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Monthly Archives: January 2018

Colors Theory

Primary Colors

Many of us know about the primary shades, we all have learnt about them in school. They are the colors that can’t be made by mixing two colors, they are primary colors of a color wheel. While a standard artist color wheel makes use of red, yellow and blue as primary colors many photographers think regarding RBG (red, blue and green) color spectrum.

Secondary Shades

Secondary colors are a result of the mixing of primary colors. On the photographers color wheel, these shades are orange, purple and green.

Tertiary Hues

Tertiary colors are created by combining the secondary and primary shades. For instance, when using the first yellow, blue and red hues wheel mixing the orange and red or green and blue would result in tertiary hues.

Complementary Shades

One of the most common links is between the additional hues. Complementary colors fall in the opposite from one another on the color board. These colors develop high contrast and grab the viewer attention.

Analogous Colors

Analogous hues are next to each other on the wheel. Making use of similar shades create a more harmonious shade scheme and low-contrast.

Monochromatic Hues

The monochromes are usually referred as black and white; monochromatic shades are made from hues of just one hue, for example, several different tones of blue. Monochromatic shades are low in contrast and usually create a soothing look.

 

Peek At Photo Frames

Types of photo frames.

· Wooden frames, these are perhaps the oldest of the available photo frames, they are made of wood that has been joined at the corners to form a shape that acts as a structural reinforcement to a photo. The wooden types are simple and readily available. The other advantage with them is that they are resistance to damages like breakages and abrasion.

· Glass frames, these are the most modern of the photo frames they are made from glass and often are of limited small sizes due to their weight and fragility. Glass frames offer elegant displays due to the transparent nature of glass creating and a seamless illusion that makes the photo to be the center of attraction.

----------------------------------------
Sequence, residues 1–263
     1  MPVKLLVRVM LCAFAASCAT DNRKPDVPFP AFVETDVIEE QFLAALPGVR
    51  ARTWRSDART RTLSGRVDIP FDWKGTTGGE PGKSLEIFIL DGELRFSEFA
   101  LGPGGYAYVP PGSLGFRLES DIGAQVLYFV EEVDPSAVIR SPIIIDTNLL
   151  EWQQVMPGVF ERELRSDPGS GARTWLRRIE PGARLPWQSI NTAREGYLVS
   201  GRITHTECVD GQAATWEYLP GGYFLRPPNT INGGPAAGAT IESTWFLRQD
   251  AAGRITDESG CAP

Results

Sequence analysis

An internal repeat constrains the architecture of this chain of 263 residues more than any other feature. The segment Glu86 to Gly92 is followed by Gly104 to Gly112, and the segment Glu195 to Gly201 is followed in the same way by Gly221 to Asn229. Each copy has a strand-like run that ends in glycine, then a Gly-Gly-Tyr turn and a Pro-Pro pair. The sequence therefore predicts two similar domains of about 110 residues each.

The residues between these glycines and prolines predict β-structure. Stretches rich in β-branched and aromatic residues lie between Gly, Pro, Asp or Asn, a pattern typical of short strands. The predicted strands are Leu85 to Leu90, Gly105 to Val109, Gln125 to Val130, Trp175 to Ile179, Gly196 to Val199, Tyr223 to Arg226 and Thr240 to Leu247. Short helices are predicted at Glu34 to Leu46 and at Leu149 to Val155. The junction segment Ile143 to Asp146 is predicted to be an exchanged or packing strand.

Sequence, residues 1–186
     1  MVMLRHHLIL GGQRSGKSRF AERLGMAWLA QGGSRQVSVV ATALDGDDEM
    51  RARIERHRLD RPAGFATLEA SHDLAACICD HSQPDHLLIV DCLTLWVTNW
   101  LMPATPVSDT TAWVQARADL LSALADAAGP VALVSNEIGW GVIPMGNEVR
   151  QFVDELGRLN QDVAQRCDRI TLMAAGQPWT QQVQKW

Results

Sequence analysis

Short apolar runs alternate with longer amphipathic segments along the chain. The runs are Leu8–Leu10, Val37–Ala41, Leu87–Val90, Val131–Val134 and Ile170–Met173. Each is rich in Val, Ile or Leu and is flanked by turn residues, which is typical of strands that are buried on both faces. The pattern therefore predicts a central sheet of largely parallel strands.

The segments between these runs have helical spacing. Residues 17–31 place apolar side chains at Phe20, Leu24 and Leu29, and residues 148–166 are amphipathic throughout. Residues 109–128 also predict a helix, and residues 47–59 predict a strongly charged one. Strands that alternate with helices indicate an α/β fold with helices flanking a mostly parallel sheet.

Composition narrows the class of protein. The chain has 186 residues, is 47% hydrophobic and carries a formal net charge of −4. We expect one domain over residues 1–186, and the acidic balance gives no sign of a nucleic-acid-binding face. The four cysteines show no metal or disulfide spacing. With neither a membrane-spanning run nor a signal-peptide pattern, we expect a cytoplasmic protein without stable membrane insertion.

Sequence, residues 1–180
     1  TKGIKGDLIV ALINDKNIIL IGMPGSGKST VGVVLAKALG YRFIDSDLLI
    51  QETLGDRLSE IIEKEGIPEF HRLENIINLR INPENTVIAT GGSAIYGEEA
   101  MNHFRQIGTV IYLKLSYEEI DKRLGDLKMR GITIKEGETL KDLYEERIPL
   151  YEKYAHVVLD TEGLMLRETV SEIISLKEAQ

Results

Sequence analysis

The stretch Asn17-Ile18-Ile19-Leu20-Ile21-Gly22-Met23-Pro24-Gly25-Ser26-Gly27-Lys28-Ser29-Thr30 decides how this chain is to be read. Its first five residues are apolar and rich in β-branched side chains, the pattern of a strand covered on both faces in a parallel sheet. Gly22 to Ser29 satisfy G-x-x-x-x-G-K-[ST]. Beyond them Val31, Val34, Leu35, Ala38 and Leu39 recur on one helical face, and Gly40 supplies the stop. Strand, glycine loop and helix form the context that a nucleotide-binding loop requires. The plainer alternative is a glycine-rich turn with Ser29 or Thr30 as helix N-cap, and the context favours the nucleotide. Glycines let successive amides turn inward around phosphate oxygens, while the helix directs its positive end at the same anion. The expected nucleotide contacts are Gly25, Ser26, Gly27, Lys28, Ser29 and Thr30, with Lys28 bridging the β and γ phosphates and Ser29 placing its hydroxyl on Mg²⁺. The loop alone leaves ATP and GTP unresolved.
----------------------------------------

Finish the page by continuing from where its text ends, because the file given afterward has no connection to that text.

· Acrylic photo frames, acrylic is a synthetic material that produces glass-like equipment used in different manufacturing processes. In frames, acrylic is the best since they are like glass frames only that they are light and do not readily break. This, therefore, means that these frames are

· Metal frames, these are metallic structures, and they are rare due to challenges like weight and cost. Rarely do people prefer metallic frames unless they intend to display photos outside where weather elements are a factor and require larger displays like billboards.

· Other types of frames include those that are temporarily used as photo frames, such as, the plastic and reed woven structures.

Ideal Frames for Photo Display

From the above-detailed classification, the perfect photo frames are the acrylic frames. This is because they are a classical way to have your photo display as well as they have superior merits over the glass frames. These frames are available in different shapes and different sizes making them the most ideal.

Info of Creating Portraits

Props should be kept to a minimum. Allowable is anything which will support the mood and which will not detract from the main subject. A high key portrait can be enhanced with a white wicker chair, a loose white flower arrangement out of focus in the background or a high-keyed landscape judiciously placed off center, blending with the other background tones. A large, dark sculptured bowl of red apples, a black poodle, or a dark-toned piece of furniture in the background would contrast too sharply with the generally light toned subject and background. Attention diverted to these items due to their strong intrusion in the composition is lost to the main subject and detracts from the ambiance.

Attention should be paid to the lines created by the subject and other components in the composition. Lines leading strongly out of the picture should be avoided. Rather use curves to bring the eye back to the main subject. Moveable items in the composition can be place to complete gap in a leading line so as to facilitate the eye in its movement around the work. Invisible paths of light can be created with the use of similar colors, a repeated pattern or item, or the play of light and shadow along an edge. Where possible choose components with care, preferring meaningful items which play a part in the life of the subject, rather than an object chosen solely for its shape and color. For instance, if the subject is a potter, choose an attractive urn instead of, say, an antique doll which has no place in the subject’s interests.